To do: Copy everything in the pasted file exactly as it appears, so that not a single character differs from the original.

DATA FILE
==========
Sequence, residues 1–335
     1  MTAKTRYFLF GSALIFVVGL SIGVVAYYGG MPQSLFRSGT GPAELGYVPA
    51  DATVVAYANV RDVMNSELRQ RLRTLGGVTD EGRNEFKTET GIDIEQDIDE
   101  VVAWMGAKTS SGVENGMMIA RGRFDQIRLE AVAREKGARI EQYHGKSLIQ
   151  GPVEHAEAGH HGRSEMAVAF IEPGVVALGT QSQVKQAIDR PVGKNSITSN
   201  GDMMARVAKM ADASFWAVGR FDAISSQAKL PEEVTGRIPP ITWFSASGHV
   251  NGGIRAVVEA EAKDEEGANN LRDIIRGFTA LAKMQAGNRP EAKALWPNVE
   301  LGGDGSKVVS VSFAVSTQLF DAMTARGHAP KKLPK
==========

Sequence, residues 1–335
     1  MTAKTRYFLF GSALIFVVGL SIGVVAYYGG MPQSLFRSGT GPAELGYVPA
    51  DATVVAYANV RDVMNSELRQ RLRTLGGVTD EGRNEFKTET GIDIEQDIDE
   101  VVAWMGAKTS SGVENGMMIA RGRFDQIRLE AVAREKGARI EQYHGKSLIQ
   151  GPVEHAEAGH HGRSEMAVAF IEPGVVALGT QSQVKQAIDR PVGKNSITSN
   201  GDMMARVAKM ADASFWAVGR FDAISSQAKL PEEVTGRIPP ITWFSASGHV
   251  NGGIRAVVEA EAKDEEGANN LRDIIRGFTA LAKMQAGNRP EAKALWPNVE
   301  LGGDGSKVVS VSFAVSTQLF DAMTARGHAP KKLPK